News & Events
Scientists convert human hair into a base for LED screens
- June 16, 2020
- Posted by: Wiley M. Wagner
- Category: Science
It's no secret that many modern technologies are based on the use of various biological natural principles – this is why the talented team of biological engineering from the University of Queensland today presented the results of a new study on the possibility of using human hair as the basis for creating LED displays. Moreover, their development is something really interesting and promising in terms of creating really high-quality LED displays for a certain number of mobile and portable equipment, which is a really great moment.
Human hair contains carbon and nitrogen, both of which are very effective chemicals for creating particles that emit light and are themselves photosensitive. It is these particles that are the basis of LED-screens, because through the allocation of blue light they allow you to manipulate the color palette of the emitted light. As for the procedure for the preparation and use of hair as the basis for such screens, then specialists first specially treated human hair, mainly taken from local barbershops, and then burned them at a temperature of 240 degrees Celsius.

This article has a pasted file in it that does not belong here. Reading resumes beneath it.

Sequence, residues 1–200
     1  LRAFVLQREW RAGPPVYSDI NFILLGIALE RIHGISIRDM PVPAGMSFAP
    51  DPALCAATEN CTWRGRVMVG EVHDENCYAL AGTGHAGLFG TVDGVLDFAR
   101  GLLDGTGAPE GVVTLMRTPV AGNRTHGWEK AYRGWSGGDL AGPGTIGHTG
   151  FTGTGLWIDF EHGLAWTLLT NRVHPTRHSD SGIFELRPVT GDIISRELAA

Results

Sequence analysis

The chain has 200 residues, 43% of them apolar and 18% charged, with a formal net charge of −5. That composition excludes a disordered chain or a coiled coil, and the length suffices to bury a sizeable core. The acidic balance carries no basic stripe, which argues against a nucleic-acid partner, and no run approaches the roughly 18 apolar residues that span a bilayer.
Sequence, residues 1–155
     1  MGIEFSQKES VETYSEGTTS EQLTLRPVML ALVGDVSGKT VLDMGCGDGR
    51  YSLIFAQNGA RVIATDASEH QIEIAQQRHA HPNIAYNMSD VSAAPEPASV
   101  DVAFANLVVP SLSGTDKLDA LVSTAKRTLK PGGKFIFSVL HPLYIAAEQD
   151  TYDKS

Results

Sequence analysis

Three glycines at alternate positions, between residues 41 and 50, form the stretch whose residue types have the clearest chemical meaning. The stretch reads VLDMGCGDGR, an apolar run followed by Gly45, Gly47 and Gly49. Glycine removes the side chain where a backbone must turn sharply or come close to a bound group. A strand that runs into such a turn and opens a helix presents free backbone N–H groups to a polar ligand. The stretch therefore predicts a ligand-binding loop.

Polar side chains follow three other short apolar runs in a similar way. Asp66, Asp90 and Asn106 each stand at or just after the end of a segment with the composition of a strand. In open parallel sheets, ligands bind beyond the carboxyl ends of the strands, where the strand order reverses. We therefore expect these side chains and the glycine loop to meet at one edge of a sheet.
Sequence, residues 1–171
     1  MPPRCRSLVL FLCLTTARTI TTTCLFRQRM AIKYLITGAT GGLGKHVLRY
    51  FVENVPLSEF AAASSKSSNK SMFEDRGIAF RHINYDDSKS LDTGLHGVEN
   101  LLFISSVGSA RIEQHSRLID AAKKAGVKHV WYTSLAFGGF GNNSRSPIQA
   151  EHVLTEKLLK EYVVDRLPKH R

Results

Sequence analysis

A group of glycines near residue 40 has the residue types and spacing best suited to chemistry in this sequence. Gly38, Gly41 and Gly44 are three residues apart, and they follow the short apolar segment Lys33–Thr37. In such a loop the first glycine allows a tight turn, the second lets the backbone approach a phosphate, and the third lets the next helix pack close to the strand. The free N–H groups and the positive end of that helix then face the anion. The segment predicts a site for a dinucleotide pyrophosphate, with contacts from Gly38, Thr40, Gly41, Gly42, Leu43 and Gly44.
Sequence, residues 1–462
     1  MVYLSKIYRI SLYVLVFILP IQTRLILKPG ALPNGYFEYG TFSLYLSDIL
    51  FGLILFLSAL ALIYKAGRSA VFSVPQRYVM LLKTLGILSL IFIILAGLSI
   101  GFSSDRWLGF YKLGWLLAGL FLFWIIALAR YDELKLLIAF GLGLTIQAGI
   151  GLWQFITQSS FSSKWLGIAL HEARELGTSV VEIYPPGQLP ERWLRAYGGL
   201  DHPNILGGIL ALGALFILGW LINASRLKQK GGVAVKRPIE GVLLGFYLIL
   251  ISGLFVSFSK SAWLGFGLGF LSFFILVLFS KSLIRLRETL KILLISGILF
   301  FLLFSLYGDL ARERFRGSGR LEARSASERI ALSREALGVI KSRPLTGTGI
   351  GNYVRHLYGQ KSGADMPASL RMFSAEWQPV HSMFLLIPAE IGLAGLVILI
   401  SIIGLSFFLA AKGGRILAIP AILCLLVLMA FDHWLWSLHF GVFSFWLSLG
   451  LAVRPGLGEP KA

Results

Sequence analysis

After that, from the created points with a carbon and nitrogen content, scientists designed something like islands with a diameter of less than 10 nm, and these same points also play the role of nanodots-LEDs that emit blue light and allow you to adjust the palette. However, according to preliminary results of testing such a project, scientists noted that their development does not allow making excessively bright and large screens, due to the low brightness of the nanodots.
On the other hand, this approach allows you to create something really interesting for portable and small devices, since there is no need to further increase the degree of brightness of the nanodots. All that remains is the question of how quickly and how efficiently developers can optimize their chemical process of transforming hair into carbon nanodots, because the degree of their implementation in science will depend on this.